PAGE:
Today’s session will cover • What is momentum • Types of momentum • - Linear momentum • - Angular momentum
Momentum. • Momentum is moving inertia. It is a product not only of an objects mass but also how fast it is moving. • We can rewrite Newton’s 1st law to include momentum: an object that is moving will continue to move in the direction the force was applied, until another force is applied.
Types of momentum. • There are two types of momentum: • -Linear • -Angular • Linear Momentum: When an object translates, it has momentum. • The equation for linear momentum is as follows: • Momentum = mass x velocity • Mo(kg/ms-1) = m(kgs) x v(ms-1).
Angular momentum example • Figure out which of the following objects has the greatest momentum, using the formula for linear momentum: • Object A = Jonah Lomu with a mass of 120kgs, and is moving at 10m/s • Object B = George Gregan with a mass of 78kgs, moving at 15m/s
Jonah Mo = m x v. Mo = 120 x 10 Mo = 1200 kgm/s George Gregan Mo = m x v. Mo = 78 x 15 Mo = 1170kgm/s Angular momentum answer ‘Therefore Jonah has more momentum’
Angular momentum • When an object rotates, it has momentum. • In angular momentum, inertia has an important role to play. • In rotation movements, inertia is due not only to mass but bow mass is distributed about the axis of rotation.
Angular momentum • Consider an ice skater spinning. How do they speed themselves up in the spin? How do they slow themselves down? • To speed up, they bring their body parts closer to the axis of rotation then, move them out again to slow down. • In pairs try and come up with three examples.
These situations provide us with the two key principles regarding angular momentum. • Delete the incorrect option in each case. • When the mass is moved closer to the axis of rotation, inertia increases / decreases, and angular velocity increases / decreases. As a consequence the body spins faster. • When the mass is moved further away from the axis of rotation, inertia increases / decreases and angular velocity increases / decreases. As a consequence the body spins slower.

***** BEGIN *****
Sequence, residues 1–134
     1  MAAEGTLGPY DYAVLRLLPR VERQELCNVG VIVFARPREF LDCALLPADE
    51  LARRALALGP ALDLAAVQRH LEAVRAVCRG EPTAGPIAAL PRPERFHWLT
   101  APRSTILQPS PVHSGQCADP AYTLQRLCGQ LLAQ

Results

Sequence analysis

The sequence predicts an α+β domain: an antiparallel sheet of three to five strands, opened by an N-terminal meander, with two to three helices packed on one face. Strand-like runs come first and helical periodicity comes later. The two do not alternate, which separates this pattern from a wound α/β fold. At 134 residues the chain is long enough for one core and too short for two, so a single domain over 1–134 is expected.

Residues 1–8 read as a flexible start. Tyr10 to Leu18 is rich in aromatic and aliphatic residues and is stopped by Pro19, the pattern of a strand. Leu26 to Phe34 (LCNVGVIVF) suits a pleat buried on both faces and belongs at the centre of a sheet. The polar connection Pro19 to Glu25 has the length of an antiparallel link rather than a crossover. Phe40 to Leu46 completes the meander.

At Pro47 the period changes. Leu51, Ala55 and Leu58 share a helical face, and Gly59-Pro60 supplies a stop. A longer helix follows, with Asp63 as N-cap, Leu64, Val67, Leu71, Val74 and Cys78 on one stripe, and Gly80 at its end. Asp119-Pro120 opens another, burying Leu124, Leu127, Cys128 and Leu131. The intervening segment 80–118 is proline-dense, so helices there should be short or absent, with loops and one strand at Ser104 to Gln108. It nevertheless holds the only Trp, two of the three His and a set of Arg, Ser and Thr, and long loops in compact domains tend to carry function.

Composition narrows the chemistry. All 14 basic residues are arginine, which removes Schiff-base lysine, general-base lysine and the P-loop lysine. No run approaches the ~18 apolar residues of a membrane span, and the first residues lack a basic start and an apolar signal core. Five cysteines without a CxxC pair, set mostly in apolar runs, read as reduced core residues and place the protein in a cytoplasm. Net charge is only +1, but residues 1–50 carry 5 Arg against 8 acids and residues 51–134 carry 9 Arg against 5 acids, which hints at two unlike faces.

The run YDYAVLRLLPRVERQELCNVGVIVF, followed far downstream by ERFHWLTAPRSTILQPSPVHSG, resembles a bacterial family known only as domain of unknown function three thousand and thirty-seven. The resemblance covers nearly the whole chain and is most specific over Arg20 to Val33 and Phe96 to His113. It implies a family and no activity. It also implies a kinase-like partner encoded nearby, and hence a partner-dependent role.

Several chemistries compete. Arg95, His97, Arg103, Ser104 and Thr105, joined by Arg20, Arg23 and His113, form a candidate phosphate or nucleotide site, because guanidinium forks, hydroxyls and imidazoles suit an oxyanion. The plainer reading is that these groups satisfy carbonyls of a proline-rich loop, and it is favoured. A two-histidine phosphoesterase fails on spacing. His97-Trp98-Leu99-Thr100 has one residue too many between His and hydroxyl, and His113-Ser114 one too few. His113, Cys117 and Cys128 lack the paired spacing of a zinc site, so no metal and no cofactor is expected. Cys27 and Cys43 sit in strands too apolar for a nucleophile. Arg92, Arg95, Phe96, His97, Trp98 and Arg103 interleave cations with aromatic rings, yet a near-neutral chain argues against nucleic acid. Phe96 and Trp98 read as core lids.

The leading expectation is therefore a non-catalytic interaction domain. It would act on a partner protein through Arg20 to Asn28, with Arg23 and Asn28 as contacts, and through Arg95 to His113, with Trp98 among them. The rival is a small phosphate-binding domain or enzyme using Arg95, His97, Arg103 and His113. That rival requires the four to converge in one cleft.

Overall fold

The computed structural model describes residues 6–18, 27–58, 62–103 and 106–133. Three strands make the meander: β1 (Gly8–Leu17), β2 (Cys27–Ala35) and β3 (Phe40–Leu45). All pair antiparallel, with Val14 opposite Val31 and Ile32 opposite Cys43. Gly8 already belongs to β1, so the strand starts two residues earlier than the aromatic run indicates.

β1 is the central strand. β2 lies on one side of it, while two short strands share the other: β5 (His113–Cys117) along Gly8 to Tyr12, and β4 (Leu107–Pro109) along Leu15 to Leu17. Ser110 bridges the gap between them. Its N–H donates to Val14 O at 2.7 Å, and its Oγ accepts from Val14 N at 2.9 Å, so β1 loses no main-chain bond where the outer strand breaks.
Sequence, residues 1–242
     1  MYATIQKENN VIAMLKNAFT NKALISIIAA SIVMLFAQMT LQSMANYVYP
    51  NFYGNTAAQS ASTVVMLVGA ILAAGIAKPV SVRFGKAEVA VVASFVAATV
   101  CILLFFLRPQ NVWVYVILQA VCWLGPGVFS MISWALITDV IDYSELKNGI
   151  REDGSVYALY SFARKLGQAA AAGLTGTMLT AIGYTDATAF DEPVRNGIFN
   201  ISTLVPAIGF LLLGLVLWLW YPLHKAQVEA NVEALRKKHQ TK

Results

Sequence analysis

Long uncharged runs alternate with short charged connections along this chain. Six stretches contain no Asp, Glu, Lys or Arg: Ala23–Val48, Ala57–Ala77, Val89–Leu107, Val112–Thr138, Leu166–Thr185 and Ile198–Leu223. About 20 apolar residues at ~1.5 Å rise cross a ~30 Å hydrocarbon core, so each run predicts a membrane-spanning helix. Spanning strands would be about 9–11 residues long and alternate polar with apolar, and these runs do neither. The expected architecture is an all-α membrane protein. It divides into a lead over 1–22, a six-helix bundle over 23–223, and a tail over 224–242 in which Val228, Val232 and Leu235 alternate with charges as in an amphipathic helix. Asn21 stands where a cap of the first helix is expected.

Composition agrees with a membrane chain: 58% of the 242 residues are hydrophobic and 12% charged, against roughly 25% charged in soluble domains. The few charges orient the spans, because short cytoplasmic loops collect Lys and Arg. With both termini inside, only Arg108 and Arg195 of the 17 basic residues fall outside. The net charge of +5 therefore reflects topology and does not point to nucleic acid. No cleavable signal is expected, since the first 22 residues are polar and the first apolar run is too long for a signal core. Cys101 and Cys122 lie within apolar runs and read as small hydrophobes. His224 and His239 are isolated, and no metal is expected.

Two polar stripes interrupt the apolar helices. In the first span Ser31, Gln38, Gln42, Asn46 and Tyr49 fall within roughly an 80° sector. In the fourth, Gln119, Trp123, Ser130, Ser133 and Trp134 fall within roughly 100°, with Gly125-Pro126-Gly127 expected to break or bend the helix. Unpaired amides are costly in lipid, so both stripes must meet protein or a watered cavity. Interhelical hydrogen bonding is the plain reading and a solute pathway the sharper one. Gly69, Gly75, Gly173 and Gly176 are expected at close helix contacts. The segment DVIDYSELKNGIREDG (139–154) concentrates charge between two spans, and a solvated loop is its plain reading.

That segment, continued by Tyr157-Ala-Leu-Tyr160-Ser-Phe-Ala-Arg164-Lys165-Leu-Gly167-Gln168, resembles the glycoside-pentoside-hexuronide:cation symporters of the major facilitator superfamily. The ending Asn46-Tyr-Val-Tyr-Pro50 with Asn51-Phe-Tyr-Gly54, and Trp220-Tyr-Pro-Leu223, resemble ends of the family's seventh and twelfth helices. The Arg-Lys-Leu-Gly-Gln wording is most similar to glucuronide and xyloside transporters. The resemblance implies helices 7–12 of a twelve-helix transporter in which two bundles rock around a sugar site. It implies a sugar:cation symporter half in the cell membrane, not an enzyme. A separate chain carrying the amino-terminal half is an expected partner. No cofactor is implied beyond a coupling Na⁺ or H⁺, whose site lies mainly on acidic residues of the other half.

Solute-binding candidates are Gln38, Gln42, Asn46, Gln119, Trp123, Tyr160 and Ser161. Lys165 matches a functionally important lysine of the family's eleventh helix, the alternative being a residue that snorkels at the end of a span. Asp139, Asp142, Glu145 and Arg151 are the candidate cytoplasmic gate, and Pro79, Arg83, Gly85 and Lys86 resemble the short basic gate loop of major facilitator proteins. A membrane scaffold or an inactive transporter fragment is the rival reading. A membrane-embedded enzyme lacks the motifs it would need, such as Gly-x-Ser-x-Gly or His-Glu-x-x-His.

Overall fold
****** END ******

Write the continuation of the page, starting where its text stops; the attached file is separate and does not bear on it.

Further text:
Other sporting examples of this principle in action include: • 1. Pirouettes in ballet • 2. Somersaults in tumbling • 3. Springboard diving moves We can now apply these principles to actual sporting situations in order to explain what is happening, or maybe why certain events have happened. Plot the change in inertia and angular velocity as the gymnast below performs a headstand to forward roll.
Explain in biomechanical terms the relationship that occurs between moment of inertia and angular velocity as the gymnast performs the headstand to forward roll. As the gymnast tucks from A to C, the mass is brought closer to the axis of rotation. As a consequence inertia decreases and angular velocity (speed of roll) increases. As gymnast opens out from C to E, the mass is moved further from the axis of rotation. Inertia increases, angular velocity decreases.
Let us assume that the gymnast is unable to stand at the end of performing the skill, instead they fall backwards. Explain in biomechanical detail what may have happened for this to occur. They opened out too early (inertia increases, angular velocity decrease). I.e. they don’t have enough speed of rotation to get to the standing position.
Conservation of Momentum • In any system, momentum is covered. The Law of Conservation of Momentum states: When objects collide, momentum is conserved throughout. • We will use a baseball game with a pitcher throwing the ball at a batter as an example. The total momentum before impact (before the ball is hit) is: equal to the momentum of the bat and the momentum of the ball.
After impact, the total momentum of the bat and ball is still the same, except some of the momentum of the bat has been transferred to the ball. This is because momentum is always conserved. • Basically – Momentum before impact = Momentum after impact
Using this concept, explain why: • A. The white ball in pool slows down after impacting the black. Some of the momentum of the white ball is passed onto the black ball • B. When suddenly braking in a car, your body moves forward (thankfully you are wearing a seatbelt). The momentum of the car is transferred to your body. This is why object in a car are propelled forward on braking.